US$50 bil award for shareholders of defunct oil firm Yukos upheld

Yukos Oil went bankrupt in 2006 after its former chief Mikhail Khodorkovsky fell out with Vladimir Putin. (AP pic)

AMSTERDAM: A Dutch appeals court on Tuesday overturned a lower court’s annulment of a US$50 billion award to shareholders in the now defunct Russian oil giant Yukos.

Yukos Oil went bankrupt in 2006 after its former chief Mikhail Khodorkovsky fell out with Russian leader Vladimir Putin and the Russian government began demanding billions in back taxes that ultimately resulted in its being expropriated by the state.

The verdict is the latest stage in a protracted legal battle, with Russia’s Justice Ministry saying in a reaction it would appeal at the Dutch Supreme Court.

In April 2016, The Hague’s District Court had overturned a decision by the Permanent Court of Arbitration (PCA) ordering the Russian state to compensate shareholders in the company once headed by fallen oligarch Khodorkovsky.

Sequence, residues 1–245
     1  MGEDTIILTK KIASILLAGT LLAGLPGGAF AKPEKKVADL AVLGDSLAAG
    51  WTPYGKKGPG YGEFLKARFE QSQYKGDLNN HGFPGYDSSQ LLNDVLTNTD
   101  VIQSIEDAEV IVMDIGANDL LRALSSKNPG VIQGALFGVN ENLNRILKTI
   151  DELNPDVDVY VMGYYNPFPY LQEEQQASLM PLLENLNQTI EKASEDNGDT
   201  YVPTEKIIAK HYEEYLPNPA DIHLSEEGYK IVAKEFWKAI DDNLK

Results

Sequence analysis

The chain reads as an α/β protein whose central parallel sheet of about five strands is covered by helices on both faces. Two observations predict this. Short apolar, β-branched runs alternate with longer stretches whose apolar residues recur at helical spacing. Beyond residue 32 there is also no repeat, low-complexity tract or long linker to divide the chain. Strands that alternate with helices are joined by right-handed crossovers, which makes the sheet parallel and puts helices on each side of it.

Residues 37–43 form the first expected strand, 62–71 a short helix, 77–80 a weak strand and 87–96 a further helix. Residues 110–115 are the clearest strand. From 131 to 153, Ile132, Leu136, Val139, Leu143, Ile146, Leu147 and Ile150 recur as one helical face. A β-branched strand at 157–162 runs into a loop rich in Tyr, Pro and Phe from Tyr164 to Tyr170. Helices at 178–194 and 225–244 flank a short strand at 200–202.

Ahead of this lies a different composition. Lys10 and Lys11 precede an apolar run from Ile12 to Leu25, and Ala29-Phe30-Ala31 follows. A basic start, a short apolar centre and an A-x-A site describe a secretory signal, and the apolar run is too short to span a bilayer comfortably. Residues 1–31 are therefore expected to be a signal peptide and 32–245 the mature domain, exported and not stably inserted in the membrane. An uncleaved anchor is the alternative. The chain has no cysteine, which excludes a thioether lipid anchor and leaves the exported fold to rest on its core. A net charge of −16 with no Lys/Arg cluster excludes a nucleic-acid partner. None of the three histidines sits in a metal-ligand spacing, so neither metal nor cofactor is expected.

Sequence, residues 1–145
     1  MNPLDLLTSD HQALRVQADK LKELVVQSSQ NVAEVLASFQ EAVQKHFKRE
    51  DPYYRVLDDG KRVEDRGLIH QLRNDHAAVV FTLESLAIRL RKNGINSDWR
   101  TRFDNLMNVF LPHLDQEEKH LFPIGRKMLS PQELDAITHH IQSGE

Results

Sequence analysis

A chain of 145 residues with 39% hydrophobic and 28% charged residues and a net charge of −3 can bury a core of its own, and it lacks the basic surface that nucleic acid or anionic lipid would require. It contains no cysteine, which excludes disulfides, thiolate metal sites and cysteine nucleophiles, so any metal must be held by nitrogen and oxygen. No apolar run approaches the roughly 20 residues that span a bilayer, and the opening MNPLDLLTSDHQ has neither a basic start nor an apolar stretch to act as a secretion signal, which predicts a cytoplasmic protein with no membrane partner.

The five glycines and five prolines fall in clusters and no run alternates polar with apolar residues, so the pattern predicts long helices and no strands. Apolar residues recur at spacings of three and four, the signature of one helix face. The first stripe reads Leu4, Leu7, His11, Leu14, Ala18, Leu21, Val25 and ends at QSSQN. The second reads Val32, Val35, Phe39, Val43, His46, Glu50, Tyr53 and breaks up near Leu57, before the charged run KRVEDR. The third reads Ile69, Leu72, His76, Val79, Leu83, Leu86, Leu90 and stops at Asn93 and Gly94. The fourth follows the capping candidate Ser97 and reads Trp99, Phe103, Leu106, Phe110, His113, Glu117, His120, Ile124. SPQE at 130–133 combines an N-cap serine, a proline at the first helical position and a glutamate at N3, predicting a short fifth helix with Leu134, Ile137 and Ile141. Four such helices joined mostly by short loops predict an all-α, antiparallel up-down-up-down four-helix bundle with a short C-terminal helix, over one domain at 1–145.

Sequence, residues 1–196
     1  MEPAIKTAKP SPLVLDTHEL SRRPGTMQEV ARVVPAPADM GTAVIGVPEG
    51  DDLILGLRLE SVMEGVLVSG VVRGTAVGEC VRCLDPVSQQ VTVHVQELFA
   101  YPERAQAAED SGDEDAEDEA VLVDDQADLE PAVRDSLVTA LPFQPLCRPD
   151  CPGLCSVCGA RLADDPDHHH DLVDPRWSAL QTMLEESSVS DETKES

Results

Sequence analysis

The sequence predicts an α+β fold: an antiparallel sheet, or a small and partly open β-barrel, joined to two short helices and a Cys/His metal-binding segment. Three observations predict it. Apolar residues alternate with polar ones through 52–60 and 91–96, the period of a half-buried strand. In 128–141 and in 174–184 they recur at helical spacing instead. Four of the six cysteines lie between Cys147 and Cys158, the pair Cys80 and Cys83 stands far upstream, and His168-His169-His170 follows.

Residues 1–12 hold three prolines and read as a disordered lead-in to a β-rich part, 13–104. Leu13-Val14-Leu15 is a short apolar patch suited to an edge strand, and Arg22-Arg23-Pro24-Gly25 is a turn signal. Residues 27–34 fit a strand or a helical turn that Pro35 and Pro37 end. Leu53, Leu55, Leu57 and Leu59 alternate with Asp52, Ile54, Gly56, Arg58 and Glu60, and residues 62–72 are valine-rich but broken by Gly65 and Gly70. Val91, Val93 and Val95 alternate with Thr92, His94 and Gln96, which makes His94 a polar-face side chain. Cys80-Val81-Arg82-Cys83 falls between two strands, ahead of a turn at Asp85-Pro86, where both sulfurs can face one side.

“The (lower) court ruled in favour of the Russian Federation, but the court of appeal in The Hague today ruled that the court’s verdict is incorrect. This means that the arbitral award is again in force.”

Most of Yukos’ assets were absorbed by the Kremlin’s flagship oil producer Rosneft, and its former owners have for years been trying to recover their possessions.

Legal proceedings seeking damages have been brought by GML, formerly known as Group Menatep Ltd., which held roughly 70% of shares in Yukos.

The PCA had ruled in July 2014 that four plaintiffs – not including Khodorkovsky – were entitled to compensation for the loss of their holdings, entitling them to seize Russian state assets.

But in April 2016, the District Court of The Hague said Russia had never ratified the treaty under which the PCA had claimed jurisdiction in the affair, although it had signed it.

“The arbitration court had jurisdiction under the Energy Treaty Charter (ECT), the appeals court said in a statement.

“When Russia signed the ECT, it had the duty to enforce it provisionally, unless it conflicted with Russian law. According to this court there was no such conflict.”